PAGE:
Then Rodger goes to sleep.



There is a building in the middle of the Badlands. To say that it is big is not adequate, for it is truly massive. The building sprawls over several acres, and is 10 stories high. It has no windows. The walls are several feet thick and made of concrete. The building is designed to withstand an atomic bomb.

In this huge complex there is a room on the third flour. The temperature in this room is set at a constant 68 degrees Fahrenheit. This may be chilly for people, but it is just right for a server farm. The room is nearly dark. There is no need to have much light because humans seldom come here.

But that doesn’t mean that there is no life, for there is a sort of life - an electronic one.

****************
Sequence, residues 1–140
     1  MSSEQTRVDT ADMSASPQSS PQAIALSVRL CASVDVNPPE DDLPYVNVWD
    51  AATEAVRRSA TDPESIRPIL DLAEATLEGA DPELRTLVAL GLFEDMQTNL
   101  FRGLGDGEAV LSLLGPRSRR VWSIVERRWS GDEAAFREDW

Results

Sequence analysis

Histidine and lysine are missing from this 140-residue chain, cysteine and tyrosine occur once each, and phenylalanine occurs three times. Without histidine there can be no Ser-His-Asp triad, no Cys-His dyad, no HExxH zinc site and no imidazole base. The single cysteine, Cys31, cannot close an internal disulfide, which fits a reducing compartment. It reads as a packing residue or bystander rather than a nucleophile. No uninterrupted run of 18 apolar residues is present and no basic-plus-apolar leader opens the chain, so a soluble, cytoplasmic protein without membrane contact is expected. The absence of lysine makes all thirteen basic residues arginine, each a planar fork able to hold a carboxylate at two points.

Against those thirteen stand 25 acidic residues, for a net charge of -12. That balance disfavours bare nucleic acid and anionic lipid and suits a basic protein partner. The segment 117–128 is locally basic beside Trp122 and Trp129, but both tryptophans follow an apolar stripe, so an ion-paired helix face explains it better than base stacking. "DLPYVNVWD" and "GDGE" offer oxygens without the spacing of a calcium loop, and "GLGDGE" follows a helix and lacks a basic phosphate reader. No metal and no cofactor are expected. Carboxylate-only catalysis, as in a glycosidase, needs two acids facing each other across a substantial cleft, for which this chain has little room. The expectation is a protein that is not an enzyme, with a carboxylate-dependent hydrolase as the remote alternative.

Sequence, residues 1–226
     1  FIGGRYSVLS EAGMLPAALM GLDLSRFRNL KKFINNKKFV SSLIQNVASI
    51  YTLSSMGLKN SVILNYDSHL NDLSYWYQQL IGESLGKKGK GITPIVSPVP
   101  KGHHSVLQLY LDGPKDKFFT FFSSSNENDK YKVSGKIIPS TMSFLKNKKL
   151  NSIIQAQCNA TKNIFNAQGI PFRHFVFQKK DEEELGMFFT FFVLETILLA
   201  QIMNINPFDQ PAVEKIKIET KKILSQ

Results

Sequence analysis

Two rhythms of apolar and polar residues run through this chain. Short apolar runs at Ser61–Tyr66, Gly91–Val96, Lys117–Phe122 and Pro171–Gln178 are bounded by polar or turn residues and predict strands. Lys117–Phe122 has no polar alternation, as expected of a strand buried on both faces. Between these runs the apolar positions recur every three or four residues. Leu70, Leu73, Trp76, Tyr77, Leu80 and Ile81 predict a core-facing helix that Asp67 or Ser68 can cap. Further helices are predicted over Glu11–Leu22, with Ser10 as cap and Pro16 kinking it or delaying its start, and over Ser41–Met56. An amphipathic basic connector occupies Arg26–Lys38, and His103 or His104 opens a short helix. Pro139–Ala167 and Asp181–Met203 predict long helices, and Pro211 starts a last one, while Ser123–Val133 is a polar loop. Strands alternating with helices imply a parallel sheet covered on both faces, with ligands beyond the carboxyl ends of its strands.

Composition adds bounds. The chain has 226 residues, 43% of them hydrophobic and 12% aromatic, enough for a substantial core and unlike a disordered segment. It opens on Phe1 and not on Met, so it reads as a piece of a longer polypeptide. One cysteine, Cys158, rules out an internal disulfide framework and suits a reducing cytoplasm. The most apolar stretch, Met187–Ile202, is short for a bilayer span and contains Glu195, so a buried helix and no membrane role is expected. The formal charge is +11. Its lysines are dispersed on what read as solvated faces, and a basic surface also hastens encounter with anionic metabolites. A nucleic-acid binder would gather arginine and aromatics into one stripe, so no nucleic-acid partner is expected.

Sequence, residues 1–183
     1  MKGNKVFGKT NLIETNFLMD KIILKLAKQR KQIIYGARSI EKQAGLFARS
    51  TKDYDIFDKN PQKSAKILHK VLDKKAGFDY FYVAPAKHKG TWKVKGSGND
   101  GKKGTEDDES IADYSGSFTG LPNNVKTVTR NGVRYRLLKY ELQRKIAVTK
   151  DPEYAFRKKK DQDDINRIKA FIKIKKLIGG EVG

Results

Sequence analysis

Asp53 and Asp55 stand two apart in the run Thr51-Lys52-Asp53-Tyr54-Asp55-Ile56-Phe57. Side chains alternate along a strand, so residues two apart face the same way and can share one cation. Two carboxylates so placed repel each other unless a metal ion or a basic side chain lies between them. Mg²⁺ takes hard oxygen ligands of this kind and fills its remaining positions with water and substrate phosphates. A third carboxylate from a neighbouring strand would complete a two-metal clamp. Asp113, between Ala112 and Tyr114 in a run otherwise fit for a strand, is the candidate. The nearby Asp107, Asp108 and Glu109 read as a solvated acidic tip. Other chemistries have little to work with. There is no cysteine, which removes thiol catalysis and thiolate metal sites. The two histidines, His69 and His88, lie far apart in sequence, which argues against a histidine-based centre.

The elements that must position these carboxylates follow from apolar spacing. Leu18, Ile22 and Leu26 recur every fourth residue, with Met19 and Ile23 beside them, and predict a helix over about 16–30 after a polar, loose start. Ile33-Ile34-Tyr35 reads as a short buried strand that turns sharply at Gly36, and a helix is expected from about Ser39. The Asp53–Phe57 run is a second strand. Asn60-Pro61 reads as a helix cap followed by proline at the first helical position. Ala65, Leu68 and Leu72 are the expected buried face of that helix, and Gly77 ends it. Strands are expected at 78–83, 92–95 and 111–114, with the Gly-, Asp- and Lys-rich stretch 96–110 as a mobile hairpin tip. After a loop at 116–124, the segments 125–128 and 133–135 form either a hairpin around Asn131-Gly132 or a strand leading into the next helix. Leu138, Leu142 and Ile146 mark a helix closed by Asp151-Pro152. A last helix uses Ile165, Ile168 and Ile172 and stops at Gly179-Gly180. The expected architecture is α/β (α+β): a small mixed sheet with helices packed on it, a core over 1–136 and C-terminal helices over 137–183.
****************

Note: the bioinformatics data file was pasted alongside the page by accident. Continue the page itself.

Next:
At this very instant, on isle number 3, and in rack number 22, there is a Dell PowerEdge M1000. This is a server with multiple blades. One of the blades, known only by its IP, springs to life. It has been called up to do some important work. It has been called to log a request for restricted search terms.

It seems that a person down in Bayou City forgot something very important. A proxy server may obscure the IP of the user, but it does not obscure their machine. Every machine has a unique fingerprint which is composed of its CPUID, Mac addresses of its various adapters, and other components. Furthermore, this person forgot that it was an easy task to put a name and face to this hardware fingerprint simply by following their online habits.

Our server blade dutifully logs in the information about Rodger. Among the IPs, processor information, and other arcane internet related material, it contains his full name, address, and the following info:

“11:05am restricted search terms: value theory, immiseration thesis”.

“06:20am, email-subject: I’m glad to be free”